ON-STAGE Gina Stahl-Haven headlines the Best of the San Francisco Stand-Up Comedy Competition: St. Valentine’s Day Mascara in February.
Comedian Gina Stahl-Haven gets heckled a lot, but not so much at the comedy clubs as in her college classroom. She laughs, “My students are hecklers and I have to respond to them.”
It turns out, working as a professor prepared the new comedian for standup more than she expected.
“I’m literally standing in front of 30 people in the classroom doing a bit,” she says. “It’s got my lecture in there but there are jokes and I’m responding to the group and that’s my job, so in a way, I have been professionally performing for the past 15 years.”
The rising star’s straight-talking humor reminds you of your funniest girlfriend, and she gives motherhood and relationships her signature treatment—sarcastic but not self-deprecating, celebrating the experience of being a woman but acknowledging the laugh-so-you-don’t-cry moments.
Stahl-Haven, a Novato native and instructor at Santa Rosa Junior College, won the exclusive San Francisco Comedy Competition last year when no one had heard of her, but was later told there was an error, and she’d actually won second place.
“I still have a lot of questions about what happened,” she says.
Stahl-Haven moved on from that disappointment, but it reinforced her feelings about women in comedy.
“I think women are funny, and we should open the space for more diverse types of comedy,” she says. “There’s a lot of misogyny in comedy, even though there’s a lot of people who are trying to change that in the scene.”
Stahl-Haven began performing improv in college at San Francisco State University, where she took her first comedy class.
“I really loved it and thought I was good at it, but it was just so scary,” she says.
She continued improv but kept standup comedy on the back burner. Meanwhile, she became a professor of rhetoric at the University of San Francisco, also teaching at College of Marin and Santa Rosa Junior College, while living in Novato with her husband and two kids.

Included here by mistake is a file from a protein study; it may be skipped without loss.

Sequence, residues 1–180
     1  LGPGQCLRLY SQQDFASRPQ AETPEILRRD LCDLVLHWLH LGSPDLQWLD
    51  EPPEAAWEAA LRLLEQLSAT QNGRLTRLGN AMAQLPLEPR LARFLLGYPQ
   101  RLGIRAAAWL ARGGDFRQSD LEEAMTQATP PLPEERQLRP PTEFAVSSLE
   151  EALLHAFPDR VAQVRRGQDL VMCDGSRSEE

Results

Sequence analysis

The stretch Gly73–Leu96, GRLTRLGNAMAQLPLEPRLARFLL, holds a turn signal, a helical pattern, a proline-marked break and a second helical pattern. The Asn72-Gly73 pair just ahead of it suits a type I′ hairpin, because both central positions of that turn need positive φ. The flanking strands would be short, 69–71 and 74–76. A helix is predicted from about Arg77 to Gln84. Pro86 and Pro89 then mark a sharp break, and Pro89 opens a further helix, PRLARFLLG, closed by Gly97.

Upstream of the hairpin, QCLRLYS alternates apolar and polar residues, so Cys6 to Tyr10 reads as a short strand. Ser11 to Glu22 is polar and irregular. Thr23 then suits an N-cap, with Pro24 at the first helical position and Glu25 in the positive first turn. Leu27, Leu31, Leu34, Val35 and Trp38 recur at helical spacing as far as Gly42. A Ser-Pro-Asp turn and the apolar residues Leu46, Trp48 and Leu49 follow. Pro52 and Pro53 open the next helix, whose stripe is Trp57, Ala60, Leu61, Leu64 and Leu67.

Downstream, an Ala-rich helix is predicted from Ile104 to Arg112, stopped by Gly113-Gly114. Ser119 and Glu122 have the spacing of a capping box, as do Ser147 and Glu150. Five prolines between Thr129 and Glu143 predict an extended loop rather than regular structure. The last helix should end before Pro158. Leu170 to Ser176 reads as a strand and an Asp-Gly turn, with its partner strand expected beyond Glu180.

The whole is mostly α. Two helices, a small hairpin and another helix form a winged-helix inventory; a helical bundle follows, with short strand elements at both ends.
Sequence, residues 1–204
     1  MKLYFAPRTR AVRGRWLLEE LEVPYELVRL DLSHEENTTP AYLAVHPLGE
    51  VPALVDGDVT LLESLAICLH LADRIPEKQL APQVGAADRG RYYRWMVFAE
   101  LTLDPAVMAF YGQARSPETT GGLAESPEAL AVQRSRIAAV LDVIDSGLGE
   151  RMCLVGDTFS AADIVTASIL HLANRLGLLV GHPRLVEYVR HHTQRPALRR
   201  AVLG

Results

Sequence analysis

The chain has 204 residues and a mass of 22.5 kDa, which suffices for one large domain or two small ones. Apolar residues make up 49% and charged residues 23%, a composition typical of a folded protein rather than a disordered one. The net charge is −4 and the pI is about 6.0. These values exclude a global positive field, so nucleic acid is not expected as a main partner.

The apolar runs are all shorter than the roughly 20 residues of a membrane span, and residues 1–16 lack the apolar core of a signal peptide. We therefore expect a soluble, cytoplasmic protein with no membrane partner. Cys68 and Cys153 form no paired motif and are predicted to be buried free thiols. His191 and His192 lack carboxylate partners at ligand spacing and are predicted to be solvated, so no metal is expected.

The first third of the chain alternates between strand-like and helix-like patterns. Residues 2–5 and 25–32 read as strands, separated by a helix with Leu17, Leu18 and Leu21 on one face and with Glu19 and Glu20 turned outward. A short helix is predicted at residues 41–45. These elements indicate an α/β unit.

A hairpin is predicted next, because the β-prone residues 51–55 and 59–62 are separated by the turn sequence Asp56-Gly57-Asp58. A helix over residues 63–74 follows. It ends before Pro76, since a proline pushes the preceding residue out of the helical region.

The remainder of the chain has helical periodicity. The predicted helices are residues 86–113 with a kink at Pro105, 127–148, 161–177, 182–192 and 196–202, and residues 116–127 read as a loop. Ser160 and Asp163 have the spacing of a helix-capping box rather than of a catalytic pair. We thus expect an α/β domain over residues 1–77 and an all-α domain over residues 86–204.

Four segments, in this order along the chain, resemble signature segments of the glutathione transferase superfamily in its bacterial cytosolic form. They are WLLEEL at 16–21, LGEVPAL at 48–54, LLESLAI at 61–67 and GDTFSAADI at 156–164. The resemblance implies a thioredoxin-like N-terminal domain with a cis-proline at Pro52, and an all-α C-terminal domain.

“Then all of a sudden I’m 37 years old and I’m like, ‘Being afraid to do comedy is not a good reason to not do comedy,’ and I opened my mind to the possibility of doing it without a direct path,” she says.
She looked for opportunities, even though it was still scary—maybe even scarier—than before and soon had gigs throughout the Bay Area. After about a year, she entered the San Francisco Comedy Competition as a long shot. But she did get in, and winning/not winning was life-changing.
“That experience built a lot of opportunity, and helped me build some confidence and see my place in the scene,” she says.
With a young family and an existing career, it’s not always easy.
“It’s hard to balance it all—there are festivals I want to apply to and I’m just like, ‘What? Do I miss a week of work? Do I take the kids with me?'” she says. “There’s a challenge with it—we just went to Seattle and I took everyone with me and we made it a vacation. Every night I’d leave for a show, and even though everyone knew that was why we were going, it was, ‘No, mama—have dinner with us.’ I’d leave for the shows feeling so guilty—one night I was getting into the Lyft and my son was lying on the concrete screaming, ‘Mama, no go!'”
The upside is that there is a lot of comedic material when you’re a mom. Her authentic humor resonates—especially with women.
“I hear people say, ‘I’m not against women in comedy, I just don’t find it funny,’ and that’s a much bigger discussion about social issues, which is, ‘Why is the experience of women so foreign that you don’t relate to it?’ Because comedy is about relating to things, right?”
It’s a question a rhetoric professor might ask, and a question a mother would feel is important, but the comic in Stahl-Haven would say it’s her direct experience. People come up after the show, and actually express surprise that they liked her.
“They’ll say, ‘You were so hilarious, and my husband does not like women comics, but he liked you.’ Like women, in general, aren’t funny.”
But maybe it’s that women comics just aren’t in the scene. A study done by producer and comedian Meredith Katchel revealed that venues book male comics more frequently than female comics, and it’s even more true of less-frequent performers (a 70 percent male-29 percent female ratio).
Questioning biases is important to inclusivity.
“I would just say to people: what you think is comedy, might not be the only comedy,” Stahl-Haven says. “When somebody has this kind of response, and they don’t question ‘Why do I feel uncomfortable?’ then they continue having that implicit bias.”
No woman has ever won the San Francisco comedy competition. But Stahl-Haven is in good company anyway. The last woman to win second place? Ellen Degeneres, 34 years ago.